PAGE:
What you need to know:
- ...the undressing of a likely candidate in the Museveni succession, rather than the words used themselves, is what explains the violence...
As of the time of writing, PEN prize-winning author Kakwenza Rukirabashaija remained illegally detained and being tortured, the second time he has endured this ordeal.
Kakwenza is being held after a series of fruity and sharp tweets criticising President Yoweri Museveni and his son, Lt. Gen. Muhoozi Kainerugaba, Commander of the UPDF Land Forces.
In August last year, Museveni surprised when he made a strong speech against torture, which has been the hallmark of his government for years. It seemed like it might be a turning point. It wasn’t to be. In the face of recent terrorist attacks in Kampala, the use of excessive force and torture, seem to have been upped. Perhaps it shouldn’t come as a surprise. In May 2017 Museveni made much the same speech against torture as he did last August, then Robert Kyagulanyi (Bobi Wine) happened, and there was another descent into hell.
However, despite how much the Museveni state has instrumentalised torture as a weapon of political control, it seems the problem with the tweets that led to Kakwenza’s latest torment is not so much that they were “abusive”, but rather the subject: if you strip away the language, at base they were broadly about the Museveni succession, and specifically about Lt. Gen. Muhoozi’s suitability as the chosen one, if indeed that is true. I listen to my friend Tamale Mirundi on the YouTube channel “Kasuku Live”, and in his analysis (again if you can tune in carefully beyond his dramatic rendering) it is not so straightforward.
I am more persuaded that the concern that the undressing of a likely candidate in the Museveni succession, rather than the words used themselves, is what explains the violence with which Kakwenza has been countered.
And precisely because of that, it is surprising that the protagonists would allow a picture to emerge that a post-Museveni NRM-ruled Uganda is going to be more violent and repressive than the present variety. For one, it makes the job harder as it mobilises greater opposition to it.
Secondly, this was not the trajectory that the post-Museveni Order was on up to recently. In Africa, and indeed the developing world, generational transitions within the same ruling parties have mostly also been a movement from an illiberal and closed order to more liberal and open ones. When in 1976 Deng Xiaoping succeeded Mao Zedong, who had ruled China for 27 years, he set out on the political and economic reforms that have made the country so fabulously wealthy and a superpower today.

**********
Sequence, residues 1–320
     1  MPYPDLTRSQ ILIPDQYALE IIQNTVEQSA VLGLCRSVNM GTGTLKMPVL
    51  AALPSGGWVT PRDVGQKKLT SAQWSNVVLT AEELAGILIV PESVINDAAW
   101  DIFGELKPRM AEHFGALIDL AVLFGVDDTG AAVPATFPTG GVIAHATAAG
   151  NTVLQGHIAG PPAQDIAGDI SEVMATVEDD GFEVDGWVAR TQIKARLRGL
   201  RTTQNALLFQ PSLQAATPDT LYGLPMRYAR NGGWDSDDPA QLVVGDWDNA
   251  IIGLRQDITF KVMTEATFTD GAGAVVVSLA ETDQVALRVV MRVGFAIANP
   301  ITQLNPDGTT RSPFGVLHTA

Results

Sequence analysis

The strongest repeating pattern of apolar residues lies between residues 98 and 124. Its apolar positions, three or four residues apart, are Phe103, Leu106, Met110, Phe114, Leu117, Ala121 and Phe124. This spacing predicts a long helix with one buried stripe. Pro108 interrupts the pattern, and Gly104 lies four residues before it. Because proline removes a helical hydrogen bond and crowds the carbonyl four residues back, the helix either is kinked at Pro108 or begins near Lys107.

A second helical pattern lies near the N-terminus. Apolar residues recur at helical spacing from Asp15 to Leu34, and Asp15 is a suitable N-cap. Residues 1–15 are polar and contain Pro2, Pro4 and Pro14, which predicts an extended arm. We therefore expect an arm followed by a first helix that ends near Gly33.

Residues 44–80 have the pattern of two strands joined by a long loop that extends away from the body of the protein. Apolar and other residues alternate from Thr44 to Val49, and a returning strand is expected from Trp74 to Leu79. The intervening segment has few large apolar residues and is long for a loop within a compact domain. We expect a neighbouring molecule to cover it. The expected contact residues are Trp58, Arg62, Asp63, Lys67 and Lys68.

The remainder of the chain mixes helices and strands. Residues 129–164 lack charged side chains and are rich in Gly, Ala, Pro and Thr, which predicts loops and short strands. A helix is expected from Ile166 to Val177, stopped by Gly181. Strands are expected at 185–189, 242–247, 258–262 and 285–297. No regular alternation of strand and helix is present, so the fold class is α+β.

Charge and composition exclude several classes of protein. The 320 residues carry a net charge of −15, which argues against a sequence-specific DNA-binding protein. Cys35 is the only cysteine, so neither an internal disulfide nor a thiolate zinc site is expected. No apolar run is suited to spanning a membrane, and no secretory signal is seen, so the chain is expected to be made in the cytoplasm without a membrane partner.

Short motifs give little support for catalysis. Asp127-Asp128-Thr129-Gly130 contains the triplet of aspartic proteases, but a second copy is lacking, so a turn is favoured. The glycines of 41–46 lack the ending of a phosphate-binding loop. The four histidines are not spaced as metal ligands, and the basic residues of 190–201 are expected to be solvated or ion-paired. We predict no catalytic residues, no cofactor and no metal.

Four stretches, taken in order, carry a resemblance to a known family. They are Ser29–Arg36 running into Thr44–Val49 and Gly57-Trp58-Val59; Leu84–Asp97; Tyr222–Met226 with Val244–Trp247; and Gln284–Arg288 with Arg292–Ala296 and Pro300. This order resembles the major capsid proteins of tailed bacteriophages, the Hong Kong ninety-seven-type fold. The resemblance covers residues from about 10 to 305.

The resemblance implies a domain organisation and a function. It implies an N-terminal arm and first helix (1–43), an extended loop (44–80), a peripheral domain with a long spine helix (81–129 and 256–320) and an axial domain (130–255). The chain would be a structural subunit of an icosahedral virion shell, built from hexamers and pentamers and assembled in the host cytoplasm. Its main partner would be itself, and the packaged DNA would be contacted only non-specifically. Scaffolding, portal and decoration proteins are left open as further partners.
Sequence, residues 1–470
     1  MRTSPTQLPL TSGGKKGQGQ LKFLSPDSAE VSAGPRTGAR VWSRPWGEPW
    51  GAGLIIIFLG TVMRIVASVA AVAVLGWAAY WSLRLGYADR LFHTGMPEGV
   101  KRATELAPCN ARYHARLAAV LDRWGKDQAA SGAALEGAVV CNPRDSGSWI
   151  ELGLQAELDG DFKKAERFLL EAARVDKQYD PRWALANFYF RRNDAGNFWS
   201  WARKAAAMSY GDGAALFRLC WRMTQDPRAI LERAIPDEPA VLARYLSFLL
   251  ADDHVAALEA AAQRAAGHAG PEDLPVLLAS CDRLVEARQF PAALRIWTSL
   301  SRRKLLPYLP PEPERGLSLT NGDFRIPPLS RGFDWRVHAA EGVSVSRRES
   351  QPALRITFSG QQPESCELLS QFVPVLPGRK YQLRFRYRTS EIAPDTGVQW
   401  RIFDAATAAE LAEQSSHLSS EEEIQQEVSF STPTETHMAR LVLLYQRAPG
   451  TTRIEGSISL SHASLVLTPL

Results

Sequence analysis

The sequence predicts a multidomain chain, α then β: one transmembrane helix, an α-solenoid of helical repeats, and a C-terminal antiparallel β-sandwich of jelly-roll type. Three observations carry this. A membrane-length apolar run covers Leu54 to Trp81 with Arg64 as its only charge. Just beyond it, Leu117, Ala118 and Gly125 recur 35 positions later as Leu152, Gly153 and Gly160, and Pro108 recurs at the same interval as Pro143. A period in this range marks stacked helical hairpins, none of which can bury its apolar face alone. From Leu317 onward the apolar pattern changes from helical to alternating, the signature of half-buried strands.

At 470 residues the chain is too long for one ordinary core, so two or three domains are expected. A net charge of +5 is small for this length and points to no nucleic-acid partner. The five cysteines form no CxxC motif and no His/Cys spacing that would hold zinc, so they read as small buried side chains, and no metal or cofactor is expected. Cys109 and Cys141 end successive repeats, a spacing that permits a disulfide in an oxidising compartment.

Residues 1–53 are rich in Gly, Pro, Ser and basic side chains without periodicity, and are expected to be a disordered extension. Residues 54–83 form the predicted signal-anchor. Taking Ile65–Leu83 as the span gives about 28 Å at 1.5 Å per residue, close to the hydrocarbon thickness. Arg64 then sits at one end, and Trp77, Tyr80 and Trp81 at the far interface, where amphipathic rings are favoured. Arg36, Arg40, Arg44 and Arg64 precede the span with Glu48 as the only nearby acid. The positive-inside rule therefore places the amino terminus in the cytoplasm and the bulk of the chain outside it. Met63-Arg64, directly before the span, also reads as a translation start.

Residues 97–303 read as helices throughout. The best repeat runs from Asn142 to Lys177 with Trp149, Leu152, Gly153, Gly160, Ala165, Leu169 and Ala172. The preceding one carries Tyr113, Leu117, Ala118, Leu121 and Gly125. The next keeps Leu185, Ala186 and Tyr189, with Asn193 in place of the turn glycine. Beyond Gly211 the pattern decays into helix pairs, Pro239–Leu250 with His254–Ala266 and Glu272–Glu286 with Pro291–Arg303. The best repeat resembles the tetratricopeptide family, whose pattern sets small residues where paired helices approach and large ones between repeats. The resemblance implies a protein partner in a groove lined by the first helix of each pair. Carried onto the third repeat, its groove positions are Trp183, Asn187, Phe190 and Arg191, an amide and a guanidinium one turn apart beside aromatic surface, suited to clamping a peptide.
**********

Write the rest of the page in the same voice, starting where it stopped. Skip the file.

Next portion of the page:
When Julius Nyerere stepped down in 1985 after 21 years, Ali Hassan Mwinyi began the liberal political and economic reforms that have brought Tanzania where it is today. So, after about 15 years, transitions from a founding or dominant patriarch are usually anchored on a liberal, or at least a progressive, promise. Uganda’s is unusual in that it now promises regression.
The post-Museveni order had and still has many threads, but since Kakwenza’s case focuses on Muhoozi, let us spotlight that. Muhoozi was central to the formation of the Presidential Guard Brigade (PGB), which later became the Special Forces Group, and lately Special Forces Command.
For all its controversial role in Ugandan politics, it was a force that initially recruited some of the country’s brightest. Many were well educated, pan-Africanist, centrist in their politics, and nationalist. I will not list some of the stars in order not to get them in trouble, but PGB as an organising idea and a cadreship academy was a major improvement over most things the NRM had to offer.
It was not alone. There were several streams of what we shall collectively call “New Age Ugandan political forces”. From the Bugisu region, we had the rise of the likes of Michael Werikhe. In Acholiland we had folks like Mao Norbert being elected Local Council 5 chairman for Gulu District. In Buganda, we saw the decline of the old nativists, and the rise – much like in PGB – of centrists, though, ironically and contradictorily, they were more globalist than what was emerging out of NRM. That process brought Charles Peter Mayiga to the Buganda premiership and folks like lawyers Apollo Makubuya and David Mpanga into the Mengo government.
Put together, optimists could see a post-Museveni enlightenment. There were many reasons why it unravelled. Regionally, the competitive threats posed by the rebirth of a post-KANU Kenya, the ascendance of Rwanda, and the peculiar independence of South Sudan, were skillfully exploited by reactionary forces at home. Domestically, the endurance of Kizza Besigye, and the entrance of Bobi Wine, all complicated things further.
All is not hopeless yet. The succession forces that have coalesced around Uganda’s militacracy, still have some tradition they can call upon to prove the adage that few political sons are the equal of their fathers, is wrong.
Mr Onyango-Obbo is a journalist, writer and curator of the “Wall of Great Africans”. Twitter@cobbo3